Welcome! Since 1994, Nashville Podiatry has been working with patients to provide the best podiatric care for patients in the North Nashville area. Dr. Daniel Mendoza's experience in podiatry is coupled with genuine concern for his patients. All our staff is dedicated to your comfort and prompt attention as well. Our goal is to help you maintain healthy feet.
This web site provides you with an overview of our practice and the field of podiatry. As you navigate the site, you'll find information about Dr Mendoza's practice philosophy, our office locations, insurance policies, and appointment scheduling procedures. Please browse the site at your convenience and feel free to contact us with any questions. You can also request an appointment by clicking here.
You'll find a lot of valuable information on the web site about foot problems, diagnoses and treatments. We believe informed patients are better prepared to make decisions about their health and well being. We encourage you to review this information to help you understand any health concerns you may face.
What is a Podiatrist?
A podiatrist, also called a doctor of podiatric medicine, is a specialist who provides medical diagnosis and treatment of foot and ankle problems, such as bunions, heel pain, spurs, hammertoes, neuromas, ingrown toenails, warts, corns and calluses. A podiatrist also renders care of sprains, fractures, infections, and injuries of the foot, ankle and heel. In addition to undergraduate medical school training, podiatrists also attend graduate school for a doctorate degree in podiatry. Podiatrists are required to take state and national exams, as well as be licensed by the state in which they practice.
According to the American Podiatric Medical Association, there are an estimated 15,000 practicing podiatrists in the United States. Podiatrists are in demand more than ever today because of a rapidly aging population. In addition, according to the association, foot disorders are among the most widespread and neglected health problems affecting people in this country.
- Consult with patients and other physicians on how to prevent foot problems.
- Diagnose and treat tumors, ulcers, fractures, skin and nail diseases, vascular problems and deformities.
- Perform surgeries to correct or remedy such problems as bunions, clawtoes, fractures, hammertoes, infections, ruptured Achilles, and other ligaments and tendons.
- Prescribe therapies and perform diagnostic procedures such as x-rays, MRI, CAT scans, ultrasound and lab tests.
- Prescribes or fits patients with inserts called orthotics that correct walking patterns.
- Treat conditions such as: bone disorders, bunions, corns, calluses, cysts, heel spurs, infections, ingrown nails, and plantar fasciitis.
A bunion is a bone deformity caused by an enlargement of the joint at the base and side of the big toe (metatarsophalangeal joint). Bunions form when the toe moves out of place. The enlargement and its protuberance cause friction and pressure as they rub against footwear. Over time, the movement of the big toe angles in toward the other toes, sometimes overlapping a third toe (known as Hallux Valgus). The growing enlargement or protuberance then causes more irritation or inflammation. In some cases, the big toe moves toward the second toe and rotates or twists, which is known as Hallus Abducto Valgus. Bunions can also lead to other toe deformities, such as hammertoe.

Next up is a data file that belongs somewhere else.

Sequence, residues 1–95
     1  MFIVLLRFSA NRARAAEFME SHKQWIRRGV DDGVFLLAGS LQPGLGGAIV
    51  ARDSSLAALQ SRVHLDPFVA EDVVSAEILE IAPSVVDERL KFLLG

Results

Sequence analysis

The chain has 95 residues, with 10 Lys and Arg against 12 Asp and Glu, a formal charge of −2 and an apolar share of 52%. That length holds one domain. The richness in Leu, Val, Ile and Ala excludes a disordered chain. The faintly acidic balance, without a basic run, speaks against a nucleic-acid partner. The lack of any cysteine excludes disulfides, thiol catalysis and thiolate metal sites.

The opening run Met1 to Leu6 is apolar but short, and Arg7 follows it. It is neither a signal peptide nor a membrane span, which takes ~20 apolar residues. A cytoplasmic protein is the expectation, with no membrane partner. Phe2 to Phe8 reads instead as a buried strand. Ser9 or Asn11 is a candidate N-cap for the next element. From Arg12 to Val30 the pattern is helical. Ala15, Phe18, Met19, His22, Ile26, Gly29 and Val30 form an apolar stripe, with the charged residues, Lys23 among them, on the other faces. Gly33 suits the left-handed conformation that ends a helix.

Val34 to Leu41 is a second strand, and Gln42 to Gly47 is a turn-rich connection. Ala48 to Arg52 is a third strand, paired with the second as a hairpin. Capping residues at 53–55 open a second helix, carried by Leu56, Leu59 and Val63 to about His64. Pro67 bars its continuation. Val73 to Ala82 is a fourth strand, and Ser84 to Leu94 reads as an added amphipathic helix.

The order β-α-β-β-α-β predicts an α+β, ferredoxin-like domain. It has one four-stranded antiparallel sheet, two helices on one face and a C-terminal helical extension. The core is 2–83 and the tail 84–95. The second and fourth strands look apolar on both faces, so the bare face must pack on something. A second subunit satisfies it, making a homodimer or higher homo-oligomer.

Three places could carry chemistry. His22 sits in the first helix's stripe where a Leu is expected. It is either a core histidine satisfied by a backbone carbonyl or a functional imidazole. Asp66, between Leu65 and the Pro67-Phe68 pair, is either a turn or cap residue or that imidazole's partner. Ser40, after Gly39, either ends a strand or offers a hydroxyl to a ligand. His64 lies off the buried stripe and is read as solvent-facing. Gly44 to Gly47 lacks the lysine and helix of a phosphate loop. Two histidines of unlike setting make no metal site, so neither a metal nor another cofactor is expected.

Many people with bunions suffer from discomfort and pain from the constant irritation, rubbing, and friction of the enlargement against shoes. The skin over the toe becomes red and tender. Because this joint flexes with every step, the bigger the bunion gets, the more it hurts to walk. Over time, bursitis or arthritis may set in, the skin on the bottom of the foot may become thicker, and everyday walking may become difficult—all contributing to chronic pain.
Wearing shoes that are too tight is the leading cause of bunions. Bunions are not hereditary, but they do tend to run in families, usually because of a faulty foot structure. Foot injuries, neuromuscular problems, flat feet, and pronated feet can contribute to their formation. It is estimated that bunions occur in 33 percent of the population in Western countries.
Treatment for Bunions
Because they are bone deformities, bunions do not resolve by themselves. The goal for bunion treatment is twofold: first, to relieve the pressure and pain caused by irritations, and second to stop any progressive growth of the enlargement. Commonly used methods for reducing pressure and pain caused by bunions include:
- Protective padding, often made from felt material, to eliminate the friction against shoes and help alleviate inflammation and skin problems.
- Removal of corns and calluses on the foot.
- Changing to carefully fitted footwear designed to accommodate the bunion and not contribute toward its growth.
- Orthotic devices—both over-the-counter and custom made—to help stabilize the joint and place the foot in the correct position for walking and standing.
- Exercises to maintain joint mobility and prevent stiffness or arthritis.
- Splints for nighttime wear to help the toes and joint align properly. This is often recommended for adolescents with bunions, because their bone development may still be adaptable.
Depending on the size of the enlargement, misalignment of the toe, and pain experienced, conservative treatments may not be adequate to prevent progressive damage from bunions. In these cases, bunion surgery, known as a bunionectomy, may be advised to remove the bunion and realign the toe.